Brian Beacom

THERE comes a point in a man’s life when he reaches a certain age and he wonders if he’s valid any more.

His young work colleague reckons he can do the job better. Differently. He’s certainly cocky.

But the older man can’t cope with this attack on his very being, all the years he’s put in suddenly counting for nothing.

Bitterness, jealousy and rage; that’s the theme of It’s Behind You.

And Alan McHugh is perfectly placed to write this new play which opens the new season of A Play, Pie and a Pint at Glasgow’s Oran Mor.

Alan is an actor and a panto veteran with 14 years in Aberdeen’s His Majesty’s to his credit.

The play is set backstage at a panto and features Norrie and Nicky – played by former River City star Paul James Corrigan - who have been a double act for 15 years.

“The younger man’s star is on the rise and that of the older man, Norrie, on the wain,” says Alan smiling.

“We join them when they come back to their dressing room after a show.

“The older man complains his partner has been messing up routines, trying to upstage him, stealing gags.”

Alan adds; “But it’s not really about panto. The two characters are in panto but they could be plumbers or two guys who work in an insurance company. It’s more about the power battles between them.

“It’s all about status. The older guy has been in the business so long he feels he knows it all, and to a certain extent he does.

“But the younger guy is also in a television show and thinks he has his own audience who are coming in to see him.

“Meanwhile, Norrie, hasn’t been on television for a few years.”

It’s about clinging on. It’s about getting respect. It’s also a tale of fragility.

“Norrie is living a tightrope. People in the street say to him; ‘Didn’t you used to be someone?’ Meantime, it’s his partner who gets asked to do the interviews, asked for the selfies.”

Alan is certainly writing about a world he knows. Not that he has an on-going feud with Jordan, who happens to be a star of River City and Scotsquad.

“He’s my best pal but we do joke about the relationship,” says Alan, smiling.

“I’ll say to him ‘Who do you think you are, just ‘cos you’re on the telly?’ That sort of thing.

“But just as Norrie and Nicky replay their performance in the dressing room to work out what went wrong, Jordan and me do this too. We try and cut and improve all the time to get the timing right.”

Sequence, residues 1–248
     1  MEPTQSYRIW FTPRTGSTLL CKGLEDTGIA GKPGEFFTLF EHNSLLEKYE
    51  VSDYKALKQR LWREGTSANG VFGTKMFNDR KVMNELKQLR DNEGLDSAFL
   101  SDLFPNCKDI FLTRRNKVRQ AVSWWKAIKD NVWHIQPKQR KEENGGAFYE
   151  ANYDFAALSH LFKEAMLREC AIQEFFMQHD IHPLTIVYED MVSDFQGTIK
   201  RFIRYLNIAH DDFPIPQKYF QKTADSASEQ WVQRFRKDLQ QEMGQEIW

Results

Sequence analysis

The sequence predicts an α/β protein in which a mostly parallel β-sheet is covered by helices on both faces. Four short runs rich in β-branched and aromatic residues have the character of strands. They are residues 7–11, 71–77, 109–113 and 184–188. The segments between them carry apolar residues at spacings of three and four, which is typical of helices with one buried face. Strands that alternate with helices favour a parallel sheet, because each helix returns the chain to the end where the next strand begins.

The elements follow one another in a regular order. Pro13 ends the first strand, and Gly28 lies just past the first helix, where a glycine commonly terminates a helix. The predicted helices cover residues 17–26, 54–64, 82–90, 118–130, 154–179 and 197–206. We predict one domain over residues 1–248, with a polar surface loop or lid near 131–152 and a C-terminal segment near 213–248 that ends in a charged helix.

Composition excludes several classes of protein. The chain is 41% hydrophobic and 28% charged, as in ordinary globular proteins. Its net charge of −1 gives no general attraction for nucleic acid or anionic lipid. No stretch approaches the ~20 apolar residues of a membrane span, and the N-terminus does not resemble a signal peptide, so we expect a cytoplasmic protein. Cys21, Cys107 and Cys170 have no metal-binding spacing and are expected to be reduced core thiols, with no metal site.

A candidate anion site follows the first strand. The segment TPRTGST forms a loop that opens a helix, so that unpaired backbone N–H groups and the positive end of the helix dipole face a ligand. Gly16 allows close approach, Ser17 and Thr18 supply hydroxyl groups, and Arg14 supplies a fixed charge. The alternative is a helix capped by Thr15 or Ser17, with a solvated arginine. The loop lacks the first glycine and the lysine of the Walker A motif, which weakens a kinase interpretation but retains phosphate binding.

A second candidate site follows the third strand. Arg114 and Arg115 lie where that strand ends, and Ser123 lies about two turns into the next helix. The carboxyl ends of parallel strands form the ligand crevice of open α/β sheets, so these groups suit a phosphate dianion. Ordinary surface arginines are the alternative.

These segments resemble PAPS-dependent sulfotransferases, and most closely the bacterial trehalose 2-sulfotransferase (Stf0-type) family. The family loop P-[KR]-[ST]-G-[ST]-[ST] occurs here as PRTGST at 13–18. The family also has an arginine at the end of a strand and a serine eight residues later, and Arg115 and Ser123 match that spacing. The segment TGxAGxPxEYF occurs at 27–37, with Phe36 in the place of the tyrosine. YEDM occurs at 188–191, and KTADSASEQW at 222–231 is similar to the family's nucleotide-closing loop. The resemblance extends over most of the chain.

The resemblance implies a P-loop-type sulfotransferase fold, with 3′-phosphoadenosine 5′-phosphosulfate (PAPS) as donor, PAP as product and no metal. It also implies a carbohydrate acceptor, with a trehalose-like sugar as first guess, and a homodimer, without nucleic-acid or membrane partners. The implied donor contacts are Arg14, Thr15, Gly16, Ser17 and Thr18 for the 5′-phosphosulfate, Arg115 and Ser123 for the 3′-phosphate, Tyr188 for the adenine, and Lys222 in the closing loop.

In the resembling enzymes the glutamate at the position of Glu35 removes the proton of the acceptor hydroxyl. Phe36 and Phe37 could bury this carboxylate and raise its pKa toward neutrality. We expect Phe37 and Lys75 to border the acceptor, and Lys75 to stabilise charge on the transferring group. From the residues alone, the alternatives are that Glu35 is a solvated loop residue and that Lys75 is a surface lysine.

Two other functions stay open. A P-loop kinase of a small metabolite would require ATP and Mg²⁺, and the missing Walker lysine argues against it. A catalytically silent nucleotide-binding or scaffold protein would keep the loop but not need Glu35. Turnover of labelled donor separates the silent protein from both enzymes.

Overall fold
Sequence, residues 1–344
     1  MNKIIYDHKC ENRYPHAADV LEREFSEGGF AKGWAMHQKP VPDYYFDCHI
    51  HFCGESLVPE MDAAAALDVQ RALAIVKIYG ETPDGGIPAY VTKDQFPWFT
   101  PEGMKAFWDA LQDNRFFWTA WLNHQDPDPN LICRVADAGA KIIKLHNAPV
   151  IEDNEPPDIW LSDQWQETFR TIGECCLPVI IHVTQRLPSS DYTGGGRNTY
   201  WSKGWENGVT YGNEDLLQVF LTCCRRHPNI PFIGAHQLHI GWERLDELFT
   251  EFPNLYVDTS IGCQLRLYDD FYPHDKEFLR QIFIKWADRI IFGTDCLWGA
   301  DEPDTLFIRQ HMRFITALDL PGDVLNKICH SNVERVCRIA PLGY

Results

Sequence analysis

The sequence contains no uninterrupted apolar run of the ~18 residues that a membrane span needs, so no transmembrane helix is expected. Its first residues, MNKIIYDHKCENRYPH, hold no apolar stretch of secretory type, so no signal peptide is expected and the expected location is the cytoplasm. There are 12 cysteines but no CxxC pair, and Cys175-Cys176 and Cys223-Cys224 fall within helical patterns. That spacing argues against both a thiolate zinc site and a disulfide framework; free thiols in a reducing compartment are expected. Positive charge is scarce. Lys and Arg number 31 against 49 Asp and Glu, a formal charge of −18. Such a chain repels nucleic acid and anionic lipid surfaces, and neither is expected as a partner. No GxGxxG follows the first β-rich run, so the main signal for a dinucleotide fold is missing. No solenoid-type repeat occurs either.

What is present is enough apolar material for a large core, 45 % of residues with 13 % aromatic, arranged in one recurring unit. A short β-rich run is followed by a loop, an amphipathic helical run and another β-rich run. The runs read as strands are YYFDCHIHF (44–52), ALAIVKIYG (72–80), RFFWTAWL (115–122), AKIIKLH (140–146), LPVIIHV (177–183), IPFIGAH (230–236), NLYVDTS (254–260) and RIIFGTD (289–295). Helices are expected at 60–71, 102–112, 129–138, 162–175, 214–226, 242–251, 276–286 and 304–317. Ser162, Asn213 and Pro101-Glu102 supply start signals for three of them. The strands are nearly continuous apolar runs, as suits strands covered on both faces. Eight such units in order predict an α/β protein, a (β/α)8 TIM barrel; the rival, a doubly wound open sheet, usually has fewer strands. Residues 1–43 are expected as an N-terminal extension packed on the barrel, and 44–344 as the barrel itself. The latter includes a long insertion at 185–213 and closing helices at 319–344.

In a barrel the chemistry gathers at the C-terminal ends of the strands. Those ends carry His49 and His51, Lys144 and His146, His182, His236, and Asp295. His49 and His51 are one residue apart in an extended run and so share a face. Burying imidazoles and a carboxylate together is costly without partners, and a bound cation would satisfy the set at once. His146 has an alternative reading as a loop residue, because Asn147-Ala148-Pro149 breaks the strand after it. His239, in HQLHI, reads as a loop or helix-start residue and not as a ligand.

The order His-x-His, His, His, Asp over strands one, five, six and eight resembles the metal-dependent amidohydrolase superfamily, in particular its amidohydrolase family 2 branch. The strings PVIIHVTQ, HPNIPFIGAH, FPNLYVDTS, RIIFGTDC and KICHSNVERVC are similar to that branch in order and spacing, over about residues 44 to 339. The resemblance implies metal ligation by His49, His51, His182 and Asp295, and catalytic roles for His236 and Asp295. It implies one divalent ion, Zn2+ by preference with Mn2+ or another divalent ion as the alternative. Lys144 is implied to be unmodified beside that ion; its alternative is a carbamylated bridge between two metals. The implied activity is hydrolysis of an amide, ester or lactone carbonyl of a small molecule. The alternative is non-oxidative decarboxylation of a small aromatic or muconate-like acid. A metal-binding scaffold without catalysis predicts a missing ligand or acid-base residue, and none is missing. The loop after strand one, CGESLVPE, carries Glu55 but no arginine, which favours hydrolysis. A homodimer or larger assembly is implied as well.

He adds, smiling; “Comedy is all about mathematics. This plus this equals laughs. And it’s a case of working hard to get as many laughs as possible.”

Yet, while Alan isn’t made to feel like yesterday’s man in his own panto life, he grins as he admits a young star has cast him into the shadows.

“My daughter is an actress,” he says, smiling. “And it won’t be too long before I’m seen as Shona McHugh’s da. “When you have a 22 year-old who is in London right now and with the same agency as James McAvoy you start to think it’s now their time.

“But I don’t mind although I know a lot of actors who would.”

Alan can afford to be sanguine about the spotlight shifting in the direction of youth.

As well as being a panto star, he’s also the UK’s most prolific panto writer.

Alan works for Qdos, the company which produces pantos for the likes of the King’s, the Clyde Auditorium and His Majesty’s Aberdeen.

“I’m very fortunate,” he says. “Most actors have to have another string to their bow, working in pubs, B&Q or call centres. There isn’t enough acting work to go round so writing is perfect for me.

“And once a theatre show is up and running it offers time to write.”

This year he is working on an incredible 31 pantos this year for Qdos.

“That’s not writing 32 pantos from scratch,” he says, grinning.

“Some of them will be adaptations. For example, I may write the Cinderella for Birmingham and adapt that for Bristol, Liverpool Aberdeen, Belfast and Llandudno. So sixty per cent of the work is done.

“Then I have to regionalise it, make it topical and fit the actors who a set to be starring in it.”

He adds, with a mock sigh; “I only have to write four or five from scratch.”

That’s still an incredible task each year.

“I’m already on to my second panto this year,” he says. “We have a synopsis for Aladdin at the Kings. I wrote a first draft December. And all the first drafts have to be in for July.”

Panto writing came about when asked to play Dame at Kirkcaldy.

But it was an off-the-shelf English script that wasn’t funny. Alan suggested writing the Dame’s part.

“I asked if I could rewrite the Dame’s scenes to make them funny and localised. And it went down a bomb.

“I did the same the following year and by the next year I was commissioned to writing the panto from scratch.”

The word spread. And here he is.

“Yes, my life’s a panto. Literally and figuratively. My head is full of it and sometimes I get my Sleeping Beauties and my Belles mixed up.

“The way I write is I can only deal with one panto at a time or I would go mad.”

What’s astonishing is that 90 per cent of the pantos in the UK are written in a bungalow in Clarkston.

“I sit in my wee office from seven am until seven at night. It’s the only way to do it.”

“I’m not going to complain. I’ve got pals out of work three months.”

He adds, smiling; “Panto has been very good to me.”

*It’s Behind You, Oran Mor, until Saturday.